Nakuru — Chief Justice Martha Koome has urged actors in the justice sector to foster rights-based access to justice as she opened the 2nd National Conference on Criminal Justice Reforms.
Koome reiterated the Judiciary’s commitment to enhancing human rights in the criminal justice sector by widening the doorways of justice using Alternative Justice Systems (AJS).
She said AJS was a key component of community-driven justice and a major aid in decongesting prisons and case backlogs in the courts.
Speaking in Naivasha during the start of the three-day conference, the Chief Justice said AJS reflected the realities of people on the ground which was faster and more accessible.
She said the use of non-State justice systems such as councils of elders, extended family members, nyumba kumi, and religious institutions provided a different and sometimes more effective way to enhance access to justice.
“This year’s theme is “Towards a Rights-Based Criminal Justice Sector” and this conference aims at advancing the conversation concerning enhancing human rights in the criminal justice sector,” she said.
CJ Koome who was joined by Interior Cabinet Secretary Fred Matiang’i, Independent Electoral and Boundaries Commission chairman, Wafula Chebukati and Director of Public Prosecutions, Noordin Haji among other senior officials said the conference allowed sharing of unique experiences and best practices.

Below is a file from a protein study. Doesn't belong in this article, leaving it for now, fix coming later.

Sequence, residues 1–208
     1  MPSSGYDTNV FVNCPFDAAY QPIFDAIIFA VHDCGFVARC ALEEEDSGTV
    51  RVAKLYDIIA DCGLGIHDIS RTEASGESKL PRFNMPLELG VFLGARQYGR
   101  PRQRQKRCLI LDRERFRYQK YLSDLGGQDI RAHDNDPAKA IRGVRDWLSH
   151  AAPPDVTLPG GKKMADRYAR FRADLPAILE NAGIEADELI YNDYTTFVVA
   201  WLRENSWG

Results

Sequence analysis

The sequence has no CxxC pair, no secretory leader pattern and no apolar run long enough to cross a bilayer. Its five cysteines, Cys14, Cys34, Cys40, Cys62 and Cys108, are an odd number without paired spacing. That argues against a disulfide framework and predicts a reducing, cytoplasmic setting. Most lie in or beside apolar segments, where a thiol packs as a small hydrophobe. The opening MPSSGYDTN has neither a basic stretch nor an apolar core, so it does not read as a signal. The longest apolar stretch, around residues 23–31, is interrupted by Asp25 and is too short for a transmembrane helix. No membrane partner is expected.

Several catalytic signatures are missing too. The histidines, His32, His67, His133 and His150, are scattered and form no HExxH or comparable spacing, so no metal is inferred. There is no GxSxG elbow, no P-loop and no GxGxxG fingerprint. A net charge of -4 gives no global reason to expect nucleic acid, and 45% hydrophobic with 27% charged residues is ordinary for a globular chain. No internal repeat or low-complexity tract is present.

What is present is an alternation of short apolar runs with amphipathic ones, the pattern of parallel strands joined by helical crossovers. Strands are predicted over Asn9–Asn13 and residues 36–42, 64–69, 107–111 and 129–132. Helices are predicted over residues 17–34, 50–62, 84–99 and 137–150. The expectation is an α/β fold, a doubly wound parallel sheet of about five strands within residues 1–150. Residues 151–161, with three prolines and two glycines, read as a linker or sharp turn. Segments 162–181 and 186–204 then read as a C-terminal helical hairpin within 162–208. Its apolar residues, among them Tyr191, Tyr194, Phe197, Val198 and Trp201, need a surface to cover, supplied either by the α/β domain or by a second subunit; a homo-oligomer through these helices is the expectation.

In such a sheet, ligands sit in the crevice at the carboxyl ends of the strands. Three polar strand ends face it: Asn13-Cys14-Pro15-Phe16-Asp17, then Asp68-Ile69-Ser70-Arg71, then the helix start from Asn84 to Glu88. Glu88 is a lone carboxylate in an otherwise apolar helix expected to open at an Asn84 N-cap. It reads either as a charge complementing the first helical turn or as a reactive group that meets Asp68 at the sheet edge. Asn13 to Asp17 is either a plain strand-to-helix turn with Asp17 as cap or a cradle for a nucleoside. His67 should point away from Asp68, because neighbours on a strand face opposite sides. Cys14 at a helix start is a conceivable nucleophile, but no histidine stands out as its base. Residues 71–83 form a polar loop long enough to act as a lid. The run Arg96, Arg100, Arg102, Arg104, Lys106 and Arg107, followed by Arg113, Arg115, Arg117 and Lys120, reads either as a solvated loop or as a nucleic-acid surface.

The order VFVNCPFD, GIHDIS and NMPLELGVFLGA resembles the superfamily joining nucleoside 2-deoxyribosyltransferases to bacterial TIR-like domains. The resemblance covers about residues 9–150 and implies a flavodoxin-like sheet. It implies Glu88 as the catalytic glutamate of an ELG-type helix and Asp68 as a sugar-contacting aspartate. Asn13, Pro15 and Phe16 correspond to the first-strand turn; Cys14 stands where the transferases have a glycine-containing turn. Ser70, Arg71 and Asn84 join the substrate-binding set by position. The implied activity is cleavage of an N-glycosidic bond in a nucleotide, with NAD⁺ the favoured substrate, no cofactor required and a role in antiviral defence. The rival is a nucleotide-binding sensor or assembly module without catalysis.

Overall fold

The conference was organized by the National Council on the Administration of Justice (NCAJ), which she chairs, and its partners.
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She said stakeholders who included different government departments and independent commissions such as the Ethics and Anti-Corruption Commission, National Cohesion and Integration Commission and IEBC had a chance to interact and reflecting on challenges impeding efficient service delivery.
“Through this annual conference, the different arms can collaboratively generate workable solutions,” said the CJ.
She added that the Judiciary had made great strides by establishing a specialized Sexual and Gender-Based Violence Court at the Shanzu Law Courts in Mombasa, with plans for roll out to other parts of the country in the near future.
“The Judiciary has engaged scientists and experienced legal and medical professionals to conduct a gap analysis study to inform key policy directives aimed at ensuring that sexual and gender-based violence cases are handled in the most efficient way possible,” said Koome.
On the forthcoming elections, the CJ said there was need to engage on issues concerning promoting accountability for electoral offenses to ensure free, fair, and credible elections.
She added that duty bearers should promote and protect Human Rights during the whole process and ensure that offenders are brought to book.
“The concerned commissions, security arms and the Judiciary will discuss the elections because they are responsible for the core Agencies mandated to support the delivery of free, fair, and credible elections,” said CJ Koome.